Heliconia compositions at the entrance of Floria Putrajaya 2010.
Chrysanthemums – Floria Putrajaya 2010.
Orchid Fantasy by Suzie Chan – Floria Putrajaya 2010.
Anthuriums – Floria Putrajaya 2010.
Juniper bonsai – Floria Putrajaya 2010.
Wuan and I had missed the Penang International Floralfest for a few years in a row due to the timing. When we read about the flower and garden festival being held at Putrajaya, we decided we should not miss this one. We used the Maju Expressway and discovered that it took slightly less than 20 minutes only from Bulatan Pandan to Putrajaya. The last time we went, it took us about 1 hour via the Kuala Lumpur – Seremban Expressway.
The event was held at the Waterfront at Precinct 2. We had to circle a few times around the place looking for an accessible parking. We could not find any. Wuan asked one of the officers in uniform and he directed us to park at the space reserved for VIPs. Still, Perbadanan Putrajaya, the agency under the Ministry of Federal terrotories and Urban Wellbeing, that organised the event and responsible for the infrastructure, should have allocated space for vehicles for disabled people visiting the festival.
The theme flower for this year’s festival is heliconia. The flower of this plant looks like lobster claws with its fire engine red colour. There were also an abundance of yellow and pink heliconias. The floral pavilion featured Heliconia floral arrangements from various countries like Australia, Netherlands, Serbia, Taiwan, Japan and Canada. I especially like the entry by Koji Ninomiya which he called “a contemporary Japanese garden based on a traditional Zen dry garden with a bamboo fence.” The garden exuded a sense of serenity amidst the hubbub of people and camera flashes.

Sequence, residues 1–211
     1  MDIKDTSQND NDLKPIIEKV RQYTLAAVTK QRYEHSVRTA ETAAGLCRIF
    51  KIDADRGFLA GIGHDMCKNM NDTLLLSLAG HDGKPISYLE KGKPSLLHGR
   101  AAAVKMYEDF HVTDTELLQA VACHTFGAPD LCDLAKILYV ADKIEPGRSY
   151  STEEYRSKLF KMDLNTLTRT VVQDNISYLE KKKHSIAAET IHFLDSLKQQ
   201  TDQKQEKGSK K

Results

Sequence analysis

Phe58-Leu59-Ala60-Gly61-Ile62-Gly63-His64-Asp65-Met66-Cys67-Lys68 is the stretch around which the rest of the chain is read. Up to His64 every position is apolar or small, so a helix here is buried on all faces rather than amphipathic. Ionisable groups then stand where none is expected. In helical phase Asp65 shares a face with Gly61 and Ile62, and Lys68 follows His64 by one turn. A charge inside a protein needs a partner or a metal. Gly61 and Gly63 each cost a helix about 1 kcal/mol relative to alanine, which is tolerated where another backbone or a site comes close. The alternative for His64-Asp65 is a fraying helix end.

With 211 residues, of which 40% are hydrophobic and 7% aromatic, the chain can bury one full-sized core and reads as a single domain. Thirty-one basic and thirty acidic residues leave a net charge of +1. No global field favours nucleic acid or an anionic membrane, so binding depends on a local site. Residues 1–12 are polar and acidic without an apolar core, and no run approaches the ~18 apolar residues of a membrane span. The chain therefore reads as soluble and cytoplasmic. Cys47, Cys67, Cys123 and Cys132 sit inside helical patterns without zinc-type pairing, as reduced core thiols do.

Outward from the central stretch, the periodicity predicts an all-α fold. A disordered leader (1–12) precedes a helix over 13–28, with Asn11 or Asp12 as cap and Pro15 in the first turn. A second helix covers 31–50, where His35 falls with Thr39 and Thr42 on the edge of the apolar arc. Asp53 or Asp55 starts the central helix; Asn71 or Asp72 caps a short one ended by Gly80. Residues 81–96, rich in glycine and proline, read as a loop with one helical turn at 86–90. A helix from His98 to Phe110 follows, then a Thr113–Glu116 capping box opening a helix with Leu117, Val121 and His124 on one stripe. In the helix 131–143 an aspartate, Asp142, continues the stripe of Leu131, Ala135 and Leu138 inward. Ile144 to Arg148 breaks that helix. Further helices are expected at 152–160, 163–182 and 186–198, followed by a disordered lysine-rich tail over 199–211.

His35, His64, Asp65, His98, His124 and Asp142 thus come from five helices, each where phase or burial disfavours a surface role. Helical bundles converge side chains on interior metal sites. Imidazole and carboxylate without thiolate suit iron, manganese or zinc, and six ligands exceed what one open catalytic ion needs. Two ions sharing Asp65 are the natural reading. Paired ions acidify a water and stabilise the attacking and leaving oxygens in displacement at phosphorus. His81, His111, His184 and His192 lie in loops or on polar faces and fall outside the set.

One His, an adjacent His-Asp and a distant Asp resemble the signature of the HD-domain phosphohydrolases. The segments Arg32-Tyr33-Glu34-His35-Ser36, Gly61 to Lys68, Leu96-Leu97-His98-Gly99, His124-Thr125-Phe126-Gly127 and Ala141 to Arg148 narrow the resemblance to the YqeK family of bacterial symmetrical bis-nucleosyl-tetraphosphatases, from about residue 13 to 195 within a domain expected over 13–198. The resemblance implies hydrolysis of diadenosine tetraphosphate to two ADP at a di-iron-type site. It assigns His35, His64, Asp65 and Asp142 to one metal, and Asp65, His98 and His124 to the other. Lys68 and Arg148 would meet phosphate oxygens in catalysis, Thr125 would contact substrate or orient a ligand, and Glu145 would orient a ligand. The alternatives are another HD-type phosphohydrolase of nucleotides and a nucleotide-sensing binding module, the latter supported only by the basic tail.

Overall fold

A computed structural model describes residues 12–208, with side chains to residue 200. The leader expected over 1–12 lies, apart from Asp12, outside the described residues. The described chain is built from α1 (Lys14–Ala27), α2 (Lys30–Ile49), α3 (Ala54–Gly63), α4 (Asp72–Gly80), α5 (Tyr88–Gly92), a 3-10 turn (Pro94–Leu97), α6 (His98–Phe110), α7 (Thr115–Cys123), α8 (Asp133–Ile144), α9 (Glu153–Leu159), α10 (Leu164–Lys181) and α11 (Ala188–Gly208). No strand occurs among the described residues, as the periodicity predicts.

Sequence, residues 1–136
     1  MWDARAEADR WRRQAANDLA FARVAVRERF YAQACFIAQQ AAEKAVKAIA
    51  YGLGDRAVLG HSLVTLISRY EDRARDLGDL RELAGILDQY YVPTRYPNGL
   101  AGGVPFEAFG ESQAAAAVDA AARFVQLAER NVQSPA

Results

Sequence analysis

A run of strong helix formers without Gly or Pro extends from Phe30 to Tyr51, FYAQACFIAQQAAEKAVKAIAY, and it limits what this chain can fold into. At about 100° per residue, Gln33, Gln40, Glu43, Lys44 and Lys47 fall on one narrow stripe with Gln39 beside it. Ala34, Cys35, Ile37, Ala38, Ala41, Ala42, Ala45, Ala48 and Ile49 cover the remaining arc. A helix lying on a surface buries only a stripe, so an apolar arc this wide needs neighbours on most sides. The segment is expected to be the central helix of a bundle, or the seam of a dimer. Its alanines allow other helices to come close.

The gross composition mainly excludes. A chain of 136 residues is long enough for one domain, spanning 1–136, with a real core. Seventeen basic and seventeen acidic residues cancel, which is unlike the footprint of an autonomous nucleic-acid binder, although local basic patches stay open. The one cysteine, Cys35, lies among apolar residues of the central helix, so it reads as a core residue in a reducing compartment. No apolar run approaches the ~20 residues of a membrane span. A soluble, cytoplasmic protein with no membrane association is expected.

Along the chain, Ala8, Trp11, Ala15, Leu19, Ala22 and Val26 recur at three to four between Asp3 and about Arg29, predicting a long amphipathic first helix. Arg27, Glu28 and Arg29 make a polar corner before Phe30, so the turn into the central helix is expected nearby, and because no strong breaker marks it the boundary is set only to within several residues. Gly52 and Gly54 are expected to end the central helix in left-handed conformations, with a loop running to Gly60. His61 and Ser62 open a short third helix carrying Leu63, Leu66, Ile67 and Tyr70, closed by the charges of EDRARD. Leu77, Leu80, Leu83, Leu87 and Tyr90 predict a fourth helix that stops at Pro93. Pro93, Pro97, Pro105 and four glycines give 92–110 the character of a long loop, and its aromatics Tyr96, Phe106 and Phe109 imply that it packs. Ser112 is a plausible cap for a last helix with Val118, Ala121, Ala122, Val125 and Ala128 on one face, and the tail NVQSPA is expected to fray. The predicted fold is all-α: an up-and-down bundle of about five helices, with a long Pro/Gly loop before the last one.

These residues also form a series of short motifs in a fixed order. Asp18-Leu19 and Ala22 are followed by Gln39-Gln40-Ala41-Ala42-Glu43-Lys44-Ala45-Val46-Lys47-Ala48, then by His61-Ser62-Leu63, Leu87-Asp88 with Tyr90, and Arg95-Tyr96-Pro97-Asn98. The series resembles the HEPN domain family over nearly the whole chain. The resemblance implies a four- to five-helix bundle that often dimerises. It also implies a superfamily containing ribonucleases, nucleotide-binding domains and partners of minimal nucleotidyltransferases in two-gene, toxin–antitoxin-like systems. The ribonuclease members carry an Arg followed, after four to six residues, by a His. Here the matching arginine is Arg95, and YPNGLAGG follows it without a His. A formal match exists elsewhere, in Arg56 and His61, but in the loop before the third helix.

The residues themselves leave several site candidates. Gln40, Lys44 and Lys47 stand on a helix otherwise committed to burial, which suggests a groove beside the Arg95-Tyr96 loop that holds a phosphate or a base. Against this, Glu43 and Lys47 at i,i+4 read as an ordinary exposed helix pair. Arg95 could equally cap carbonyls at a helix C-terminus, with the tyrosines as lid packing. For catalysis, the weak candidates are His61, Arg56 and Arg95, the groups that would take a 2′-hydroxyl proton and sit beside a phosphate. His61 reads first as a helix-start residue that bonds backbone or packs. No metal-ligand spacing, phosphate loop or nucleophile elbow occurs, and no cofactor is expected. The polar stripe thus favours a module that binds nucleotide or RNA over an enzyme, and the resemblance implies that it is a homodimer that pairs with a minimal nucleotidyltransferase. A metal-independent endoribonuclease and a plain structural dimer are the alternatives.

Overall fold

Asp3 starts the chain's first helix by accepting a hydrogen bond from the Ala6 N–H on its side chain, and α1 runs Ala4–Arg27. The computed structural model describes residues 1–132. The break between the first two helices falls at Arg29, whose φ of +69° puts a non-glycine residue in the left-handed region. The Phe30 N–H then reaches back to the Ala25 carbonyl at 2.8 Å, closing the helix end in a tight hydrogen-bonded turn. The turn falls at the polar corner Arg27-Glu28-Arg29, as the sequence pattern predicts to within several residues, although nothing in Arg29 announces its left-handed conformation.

Outside the pavilion were flowerbeds of chrysanthemums and a variety of flowers that added splashes of red, yellow, orange and an assorment of other colours that livened up the atmnosphere. Themed gardens located opposite the pavilion featured bonsai, orchids and heliconias. I did not check them out as most were not accessible by wheelchair because of the loose pebbles and lawn used for paving the pathways. Moreover, the heat was unbearable. I found respite inside the floral pavilion while Wuan went shooting around the theme gardens. There were also stalls selling plants, gardens products and crafts that we did not fully explored due to the poor condition of the pathways as well. They were littered with loose rocks that made wheeling around almost impossible.
We may go back again this weekend as there were other parts of the festival we have not covered yet, namely the garden showcases by local authorities (PBT), NGOs, universities, schools and the private sector. This festival is worth a visit for photographers, flower lovers and gardeners. However, a large umbrella and lots of drinking water is a must. We left early because of the heat and also because I could not find an accessible toilet to ease my near-bursting bladder.
More photographs of the festival: Images of Floria Putrajaya 2010
Putrajaya Floria 2010 began on July 10 and ends on July 18. More information and directions to the festival here.